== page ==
SINGAPUR: An autonomous delivery driver has been sentenced to death for heroin traffic, which said that his "friend" had told him that they were smuggling cigarettes.
In his decision motives published Wednesday (April 10), judge Hoo Sheau Peng rejected the defense of Mohamed Shalleh Abdul Latiff and said that charges against him had been proven beyond reasonable doubt.
On August 11, 2016, Mohamed Shalleh was arrested after an operation by officers of the Central Narcotics Bureau (CNB).
Although they were observed by the CNB officers, Mohamed Shalleh met with Khairul Nizam Ramthan and received some articles in exchange for $ 7,000. Then, the CNB officers locked the two men before stopping them.
Mohamed Shalleh was arrested on Mei Ling Street, while Khairul Nizam was arrested at Woodlands Checkpoint.
After exploring the car of Mohamed Shalleh, the officers found an orange plastic bag that contained a box, which had two packages of crystalline substances.
They also found on the floor of the passenger seat three packages that were roughly palm-shaped, round and irregularly shaped.
It was found that these beams contained around 54 g of diamorphine, also known as heroin. According to the Law on drug abuse, the death penalty is mandatory if the amount of imported diamorphine is greater than 15 g.
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Mohamed Shalleh kept in his statements that he thought he only delivered smuggling cigarettes on behalf of a friend called "Bai", who owed him a debt. The delivery was supposedly fixed by Bai, which would discount an amount of Mohamed Shalleh's debt.
According to his statements, this was the second time Mohamed Shalleh helped Bai to deliver smuggling cigarettes.
The driver said that "he believed and trusted Bai" because he was a friend and had treated the smuggling cigar business.
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He met Bai in jail in 2008, but he lost contact shortly thereafter. The next time he would meet with Bai, he would meet at the Kranji Turf Club between April, May 2014 and August 2014, when he made bets with Bai, who worked there as a bet.
Mohamed Shalleh charged a debt of $ 7,000 to $ 8,000 in Bai and lost contact. But in January 2016, the couple would meet in a wedding of a common friend, when Bai demanded the return.
The driver offered to pay the bill through S $ 200 every week, and made a total of six installments, before accepting to help Bai with the delivery of "smuggling cigarettes."
In the second installment, when Mohamed Shalleh was captured, Bai had delivered $ 7,000 to Mohamed Shalleh through a mailbox.
He was ordered to spend money on Malaysian man and picked up "two cartons and half smuggling cigarettes" in return.
"The accused was aware that he was having a risk of helping Bai on both occasions. The accused believed that the risk was a potential fine," Justice Hoo wrote in his motives.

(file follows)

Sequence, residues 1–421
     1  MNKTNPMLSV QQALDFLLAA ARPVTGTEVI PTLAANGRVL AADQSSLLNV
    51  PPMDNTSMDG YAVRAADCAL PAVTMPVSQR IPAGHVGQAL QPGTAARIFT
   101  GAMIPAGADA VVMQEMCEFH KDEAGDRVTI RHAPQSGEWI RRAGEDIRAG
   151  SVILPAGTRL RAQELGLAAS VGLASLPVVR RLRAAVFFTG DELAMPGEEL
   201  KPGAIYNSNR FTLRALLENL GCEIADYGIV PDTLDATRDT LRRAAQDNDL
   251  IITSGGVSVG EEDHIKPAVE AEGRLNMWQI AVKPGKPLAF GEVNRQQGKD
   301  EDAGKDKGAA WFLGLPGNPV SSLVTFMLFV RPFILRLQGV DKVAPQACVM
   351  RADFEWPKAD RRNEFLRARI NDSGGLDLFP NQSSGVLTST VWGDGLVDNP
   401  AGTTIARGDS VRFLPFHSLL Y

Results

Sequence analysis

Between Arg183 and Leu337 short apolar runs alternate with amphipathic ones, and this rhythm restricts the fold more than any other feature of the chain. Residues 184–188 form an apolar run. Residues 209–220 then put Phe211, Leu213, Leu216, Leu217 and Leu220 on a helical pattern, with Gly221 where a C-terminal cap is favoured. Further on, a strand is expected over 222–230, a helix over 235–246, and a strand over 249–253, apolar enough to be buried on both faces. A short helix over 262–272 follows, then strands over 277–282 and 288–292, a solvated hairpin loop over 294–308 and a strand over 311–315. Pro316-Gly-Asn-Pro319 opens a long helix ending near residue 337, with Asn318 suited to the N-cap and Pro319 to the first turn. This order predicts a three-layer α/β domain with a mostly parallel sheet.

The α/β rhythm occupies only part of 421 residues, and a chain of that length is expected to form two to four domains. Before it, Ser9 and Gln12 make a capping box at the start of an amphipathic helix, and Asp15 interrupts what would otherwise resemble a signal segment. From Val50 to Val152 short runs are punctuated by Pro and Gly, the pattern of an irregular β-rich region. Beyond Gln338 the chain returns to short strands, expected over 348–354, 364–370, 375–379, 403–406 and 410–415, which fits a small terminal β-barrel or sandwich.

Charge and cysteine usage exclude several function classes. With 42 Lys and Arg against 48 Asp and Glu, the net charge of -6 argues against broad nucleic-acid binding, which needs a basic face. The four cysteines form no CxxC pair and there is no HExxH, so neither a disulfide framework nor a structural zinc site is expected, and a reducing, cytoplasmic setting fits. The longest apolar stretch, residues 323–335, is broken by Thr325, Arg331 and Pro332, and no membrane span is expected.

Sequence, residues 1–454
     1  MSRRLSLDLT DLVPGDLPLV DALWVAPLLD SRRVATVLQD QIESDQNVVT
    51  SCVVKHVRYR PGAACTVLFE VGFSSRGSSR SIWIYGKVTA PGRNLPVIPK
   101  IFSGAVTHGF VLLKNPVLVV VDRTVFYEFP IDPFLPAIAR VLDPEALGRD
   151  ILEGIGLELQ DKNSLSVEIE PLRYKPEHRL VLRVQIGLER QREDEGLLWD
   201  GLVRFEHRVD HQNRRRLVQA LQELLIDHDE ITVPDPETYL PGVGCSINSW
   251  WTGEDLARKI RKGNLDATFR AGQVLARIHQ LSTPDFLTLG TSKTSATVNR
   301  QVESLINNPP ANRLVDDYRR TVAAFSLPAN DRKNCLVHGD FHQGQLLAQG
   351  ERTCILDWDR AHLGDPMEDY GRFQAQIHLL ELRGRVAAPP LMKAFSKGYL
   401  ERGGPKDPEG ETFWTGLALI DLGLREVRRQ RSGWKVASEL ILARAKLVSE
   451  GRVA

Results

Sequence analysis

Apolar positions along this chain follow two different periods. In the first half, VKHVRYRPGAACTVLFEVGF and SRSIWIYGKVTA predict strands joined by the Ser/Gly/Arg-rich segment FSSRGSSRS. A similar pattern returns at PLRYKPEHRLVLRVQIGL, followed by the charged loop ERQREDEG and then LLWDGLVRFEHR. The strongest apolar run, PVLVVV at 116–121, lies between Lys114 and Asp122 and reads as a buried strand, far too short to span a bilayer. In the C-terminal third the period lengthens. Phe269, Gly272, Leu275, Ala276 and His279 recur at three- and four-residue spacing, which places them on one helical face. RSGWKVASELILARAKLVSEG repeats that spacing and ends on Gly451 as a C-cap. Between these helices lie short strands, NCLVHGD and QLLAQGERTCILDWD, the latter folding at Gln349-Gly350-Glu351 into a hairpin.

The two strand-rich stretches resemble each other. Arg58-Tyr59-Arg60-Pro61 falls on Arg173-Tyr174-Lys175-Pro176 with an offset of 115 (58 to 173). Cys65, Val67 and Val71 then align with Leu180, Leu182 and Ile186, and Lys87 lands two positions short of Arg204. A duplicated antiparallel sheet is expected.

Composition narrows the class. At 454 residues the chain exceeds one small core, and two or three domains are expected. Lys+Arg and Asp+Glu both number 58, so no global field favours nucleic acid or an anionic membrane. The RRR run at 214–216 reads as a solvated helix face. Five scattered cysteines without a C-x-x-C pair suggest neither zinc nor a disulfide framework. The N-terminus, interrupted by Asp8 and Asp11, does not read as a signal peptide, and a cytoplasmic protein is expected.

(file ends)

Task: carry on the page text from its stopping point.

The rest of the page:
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The judge said that he found the defense of Mohamed Shalleh unsatisfactory due to inconsistencies in how to represent his relationship, as well as the insistence of Mohamed Shalleh that he believed the packages contained cigarettes.
"During the counter-interrogation, the accused admitted that he did not know the basic details, such as the real name of Bai or his address," said Judge Hoo, pointing out that Mohamed Shalleh's defense "provided support weak to the firm statement of the accused of trusting Bai ".
"In other words, the defendant's interaction with Bai consisted in little more than responding to circumstances, unlawful transactions and possibilities. It was doubtful that the accused confessed to Bai in the degree that he goes affirm ".
Mohamed Shalleh's story about the articles found on his vehicle was also contradicted by the findings of the CNB officers.
He claimed that the beams "were never visible to him," as they were inside the orange plastic bag, but the beams were placed "quite separated" from the bag when the CNB officers found him at the counter of the car of Mohamed Shalleh. Justice Hoo noted that the police's conclusions were "a significant issue".
"As the three beams were exposed to the floor board, the accused would have seen their appearance. Their round and irregular shape would have aroused the suspicion that they contained something besides cigarette cards," he said. he wrote in his motives.
Given the possibility that he had seen the round form of the three packages, Mohamed Shalleh insisted that he believed that they contained cigarettes, as it was possible that the cigarettes would be packed in smaller packages again.
"This statement was not safe. The accused was given specific instructions from Bai to expect them to receive two cigarette and half cigarettes," said Judge Hoo.
"If the defendant saw the three beams, which I could not visually verify as cartridge cases awaited for two and a half, I did not believe that the accused had still accepted the receipt of the articles while resigning at the same time. $ 7,000 included on the man of Malaysia. "
"After having reviewed the tests in its entirety, I found that the accused did not show any single circumstance that would justify the high level of confidence in Bai, and I did not have the certainty that he trusted the information presumably given by Yes, "concluded Judge Hoo.
Mohamed Shalleh has filed an appeal against the conviction and sentence.